How ransomware works?

Today, there are so many different ways that people can hack into your computer and steal important information. From sending users a virus that slows down the performance of your computer to attack a university’s campus systems, a hacker’s job is to be intrusive in any way possible. Therefore, it is very important that you learn as much as you can on topics like ransomware.

To get started, you need to know the definition of ransomware. Ransomware can be described as a type of malicious software that is designed to block access to an individual or an organization’s computer system. Blocking the software is intentional since it can only be removed after a certain sum of money is paid to the attacker. The intruders that use these tactics normally target an organization where they can make relatively large sums quickly without a lot of unnecessary hassles.

Whatever the case or situation that an organization is in, it is important that everyone knows exactly how ransomware actually works. Lately, there has been an outbreak of ransomware problems. This outbreak started in 2017 and has grown into larger-scale problems that begin to become the potential of highly profitable schemes. For instance, some of the more popular variants are as follows:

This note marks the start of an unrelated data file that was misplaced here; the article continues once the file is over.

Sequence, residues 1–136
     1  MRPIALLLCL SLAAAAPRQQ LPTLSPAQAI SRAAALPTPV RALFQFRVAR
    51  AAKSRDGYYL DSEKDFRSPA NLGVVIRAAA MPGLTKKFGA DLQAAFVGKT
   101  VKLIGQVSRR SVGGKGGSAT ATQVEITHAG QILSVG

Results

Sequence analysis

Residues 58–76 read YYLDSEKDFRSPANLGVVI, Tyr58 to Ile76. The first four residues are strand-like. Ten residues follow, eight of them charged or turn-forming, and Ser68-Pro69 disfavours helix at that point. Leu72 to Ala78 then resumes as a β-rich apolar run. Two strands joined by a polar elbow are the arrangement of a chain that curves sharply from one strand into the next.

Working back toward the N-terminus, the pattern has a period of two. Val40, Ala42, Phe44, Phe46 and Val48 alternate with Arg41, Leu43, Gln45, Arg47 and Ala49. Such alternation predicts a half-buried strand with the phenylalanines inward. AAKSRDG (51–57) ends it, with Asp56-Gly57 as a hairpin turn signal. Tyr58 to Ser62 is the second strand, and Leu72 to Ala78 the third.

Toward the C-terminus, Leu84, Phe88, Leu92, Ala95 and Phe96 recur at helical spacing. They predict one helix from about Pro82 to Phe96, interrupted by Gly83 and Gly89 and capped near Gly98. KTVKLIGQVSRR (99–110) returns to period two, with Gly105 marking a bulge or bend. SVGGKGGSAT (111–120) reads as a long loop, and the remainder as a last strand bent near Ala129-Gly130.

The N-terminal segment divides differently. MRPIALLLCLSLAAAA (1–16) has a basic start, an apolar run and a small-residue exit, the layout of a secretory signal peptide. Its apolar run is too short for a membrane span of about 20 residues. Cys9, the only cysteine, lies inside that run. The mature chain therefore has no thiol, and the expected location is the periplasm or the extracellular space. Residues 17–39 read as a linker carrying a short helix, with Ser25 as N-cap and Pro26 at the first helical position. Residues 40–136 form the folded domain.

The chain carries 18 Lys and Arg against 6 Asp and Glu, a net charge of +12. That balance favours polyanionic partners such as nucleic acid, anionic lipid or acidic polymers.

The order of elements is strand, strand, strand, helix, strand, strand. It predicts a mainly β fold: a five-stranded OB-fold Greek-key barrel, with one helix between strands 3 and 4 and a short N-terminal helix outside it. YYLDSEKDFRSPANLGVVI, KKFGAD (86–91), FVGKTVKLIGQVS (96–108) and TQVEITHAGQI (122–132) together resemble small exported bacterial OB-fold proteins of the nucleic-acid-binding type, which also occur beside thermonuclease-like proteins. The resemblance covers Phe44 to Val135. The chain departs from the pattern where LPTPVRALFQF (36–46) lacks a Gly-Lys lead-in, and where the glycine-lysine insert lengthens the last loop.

• Ryuk
  • Maze
  • Revil (Sodinokibi)
  • Lock bit
  • DearCry
  • Lapsus$

All of which have their own unique characteristics of cyberattacks. In fact, here are the basics of how ransomware works today.

1. Infect and Distribute Vectors

To be successful, one of the first things that hackers do is to choose a target to gain access to. Once the target has been decided upon. The next step is to infect and distribute vectors. For instance, the hacker will send a malicious email to the person’s computer. These malicious emails are used to go phishing on someone’s computer. The person may even take control of the computer remotely and will make changes.

2. Data Encryption

Once the phishing program has Cyber Centaurs gained access to a computer, the next step is to start encrypting computer files. Or, it may delete any backups.

3. Ransom Demands Made

When encryption is complete, the demands for money can be made. The amount paid usually differs based on the organization and the people who are responsible for these attacks.


Just like the name implies, organizations impacted by these attacks will be asked to pay a ransom before they can gain access back to their computers and their computer databases. Recently, more ransomware attacks are being made so this has become the main concern in places all over the U.S. and abroad.

Vector illustration of a centaur businessman aiming a businessman riding a unicorn, metaphor for smaller companies aiming to become bigger company